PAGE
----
Another version of this fake misclick is a verbal fakeout. This was famously done at an EPT final table some years ago. A player arrived at the river with a full house, holding 56 on a K3556 board. His opponent bet the river with KQ. The player with a full house cut out calling chips, said “raise,” and slid out the calling amount. He then said “I mean call, I meant to call” but his verbal action was binding. The floor rules that he does have to put in at least a min-raise, but also warned his opponent that this was done earlier in the tournament when he had the nuts. The player with KQ called and everyone saw the full house. You can see by the other players’ expressions they are disgusted with the action. This was a horrendous display of poor etiquette and poker angle shooting.
Lying is a tricky subject in poker, as bluffing is part of the game, and bluffing is synonymous with lying to many people. Poker is a game of imperfect information, so deceiving your opponents by your betting line is a large part of the game. How you play a hand can convey strength or weakness, and using that to your advantage as a bluff is not an angle shoot in any way. Players also use speech play in their deceptions. Some players find they gain an edge when they talk during a hand, either trying to convince their opponent to call or fold with their speech play. Speech play is not used by everyone. In today’s game, you will most likely find people remain silent in a big pot, but some still rely on their way with words to give themselves an edge. In this case, there is no problem with lying. Pretending to be weak when you are strong or saying that you are bluffing when you aren’t is just part of speech play. There is, however, a point when speech play becomes angle shooting.
A famous example of using speech play and lying as an angle shoot is the televised hand between Tony G and Phil Hellmuth on the show The Big Game. Tony G is in the double straddle and Phil opens to the pot limit (this was pot-limit preflop, no-limit after the flop) with AJo. Tony G quickly looks at AK and re-pots it for over 2/3 of Hellmuth’s stack. Tony claims he still hasn’t looked and after being questioned, he continues to say he hasn’t looked. Against a blind hand, AJ is great, so Phil goes all-in since he believes Tony. Tony G snap calls and reveals the AK to which Phil remarks “oh you lied”. Tony comes back with a classic “of course I lied, it’s poker Phil!” This hand is incredibly entertaining to watch and sparks an interesting debate: is lying like this an angle shoot or just part of speech play? This is right on the cusp, as there is a fine line between angling and speech play. I think most players would agree this is an angle to an extent, but it is also up to Phil to pay attention to the action. While not definitive, you shouldn’t make moves like this a regular part of your game. Best to stick to playing your hand and using conventional speech play if you desire.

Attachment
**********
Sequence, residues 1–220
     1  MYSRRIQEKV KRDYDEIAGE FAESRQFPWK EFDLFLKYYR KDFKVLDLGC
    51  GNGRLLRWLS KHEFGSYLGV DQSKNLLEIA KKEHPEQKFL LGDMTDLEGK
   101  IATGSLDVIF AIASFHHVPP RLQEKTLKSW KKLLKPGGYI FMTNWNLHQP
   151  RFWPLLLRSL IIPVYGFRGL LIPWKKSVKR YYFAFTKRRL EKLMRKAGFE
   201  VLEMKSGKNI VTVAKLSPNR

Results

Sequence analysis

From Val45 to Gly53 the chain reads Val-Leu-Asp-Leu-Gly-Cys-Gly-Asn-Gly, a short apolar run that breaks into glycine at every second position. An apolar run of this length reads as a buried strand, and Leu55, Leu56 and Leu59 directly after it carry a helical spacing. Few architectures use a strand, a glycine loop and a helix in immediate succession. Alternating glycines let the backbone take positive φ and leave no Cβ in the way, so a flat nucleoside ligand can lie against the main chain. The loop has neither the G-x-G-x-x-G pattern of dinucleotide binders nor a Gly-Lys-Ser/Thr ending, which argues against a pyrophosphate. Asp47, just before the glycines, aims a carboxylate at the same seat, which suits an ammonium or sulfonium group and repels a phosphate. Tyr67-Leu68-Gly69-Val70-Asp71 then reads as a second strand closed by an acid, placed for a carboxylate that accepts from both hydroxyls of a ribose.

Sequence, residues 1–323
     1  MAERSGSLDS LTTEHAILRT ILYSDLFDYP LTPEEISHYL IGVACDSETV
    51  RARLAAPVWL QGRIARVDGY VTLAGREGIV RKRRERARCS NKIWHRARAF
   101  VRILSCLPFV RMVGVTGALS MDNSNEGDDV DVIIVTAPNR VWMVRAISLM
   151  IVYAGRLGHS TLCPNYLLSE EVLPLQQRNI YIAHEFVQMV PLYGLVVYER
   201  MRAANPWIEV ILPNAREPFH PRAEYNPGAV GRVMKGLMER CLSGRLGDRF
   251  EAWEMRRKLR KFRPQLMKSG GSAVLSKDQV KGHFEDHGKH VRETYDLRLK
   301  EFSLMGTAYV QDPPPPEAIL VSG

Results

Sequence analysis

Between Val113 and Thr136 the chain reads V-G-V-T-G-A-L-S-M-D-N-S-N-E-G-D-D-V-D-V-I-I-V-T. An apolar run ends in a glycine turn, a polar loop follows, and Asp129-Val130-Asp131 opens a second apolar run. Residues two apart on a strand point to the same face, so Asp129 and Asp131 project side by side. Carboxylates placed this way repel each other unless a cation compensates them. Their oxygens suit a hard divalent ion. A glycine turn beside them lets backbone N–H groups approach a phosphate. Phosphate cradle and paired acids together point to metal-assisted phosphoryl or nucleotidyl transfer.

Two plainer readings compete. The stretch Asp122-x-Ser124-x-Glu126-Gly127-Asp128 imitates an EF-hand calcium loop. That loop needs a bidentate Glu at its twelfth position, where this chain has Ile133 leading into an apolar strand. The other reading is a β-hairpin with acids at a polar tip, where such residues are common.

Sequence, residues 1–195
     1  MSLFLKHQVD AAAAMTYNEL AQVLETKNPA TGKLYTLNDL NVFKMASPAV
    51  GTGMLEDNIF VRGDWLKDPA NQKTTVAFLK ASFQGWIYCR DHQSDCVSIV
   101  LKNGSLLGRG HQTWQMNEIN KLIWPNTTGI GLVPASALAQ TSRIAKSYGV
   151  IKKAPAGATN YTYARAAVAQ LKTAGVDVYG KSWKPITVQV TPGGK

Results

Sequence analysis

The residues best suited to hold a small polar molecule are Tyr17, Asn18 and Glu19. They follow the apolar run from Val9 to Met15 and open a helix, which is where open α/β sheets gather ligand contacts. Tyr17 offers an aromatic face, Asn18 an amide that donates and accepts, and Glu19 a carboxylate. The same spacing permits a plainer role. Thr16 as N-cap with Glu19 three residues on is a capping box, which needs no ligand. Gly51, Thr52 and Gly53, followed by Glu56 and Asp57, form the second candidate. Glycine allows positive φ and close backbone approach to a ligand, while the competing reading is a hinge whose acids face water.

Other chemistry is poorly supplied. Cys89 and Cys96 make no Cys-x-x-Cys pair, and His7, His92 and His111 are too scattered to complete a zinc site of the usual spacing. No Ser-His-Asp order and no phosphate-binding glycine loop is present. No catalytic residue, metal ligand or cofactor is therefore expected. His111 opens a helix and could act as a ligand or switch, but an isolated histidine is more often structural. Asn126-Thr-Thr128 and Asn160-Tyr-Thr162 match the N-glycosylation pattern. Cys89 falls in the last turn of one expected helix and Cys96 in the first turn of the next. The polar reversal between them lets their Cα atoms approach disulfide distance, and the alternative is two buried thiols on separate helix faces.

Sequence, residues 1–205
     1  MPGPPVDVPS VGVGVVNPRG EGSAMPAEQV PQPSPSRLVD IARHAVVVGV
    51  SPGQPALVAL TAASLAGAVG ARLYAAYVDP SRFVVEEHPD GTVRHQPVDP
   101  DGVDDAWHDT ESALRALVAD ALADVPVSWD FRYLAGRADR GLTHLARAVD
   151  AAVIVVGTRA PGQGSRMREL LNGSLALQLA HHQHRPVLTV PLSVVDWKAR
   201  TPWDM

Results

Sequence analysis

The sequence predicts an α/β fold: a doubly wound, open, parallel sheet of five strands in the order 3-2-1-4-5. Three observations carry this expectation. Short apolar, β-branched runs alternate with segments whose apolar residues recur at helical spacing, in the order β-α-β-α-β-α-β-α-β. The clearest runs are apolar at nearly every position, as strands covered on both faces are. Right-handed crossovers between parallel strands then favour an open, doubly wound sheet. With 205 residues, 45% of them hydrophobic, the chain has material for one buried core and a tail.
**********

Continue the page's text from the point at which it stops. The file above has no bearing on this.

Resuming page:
While angle shooting comes in many shapes and sizes, some may be technically legal, but all are immoral. Many people not involved with poker view the game as a cut-throat community of liars, scammers, and cheats. Those of us in the poker world understand that is not the case. Of course, there are some unsavory characters, as they are in every community, but loving poker does not mean you are going to become one of them. In order to combat this negative connotation, poker players need to stop angle shooting and call out others for doing so. The last thing you want is the be the scummy angle shooter at the table. Do yourself, and the rest of the community, a favor by just playing the game straight up, and don’t look to take advantage of others by angle shooting.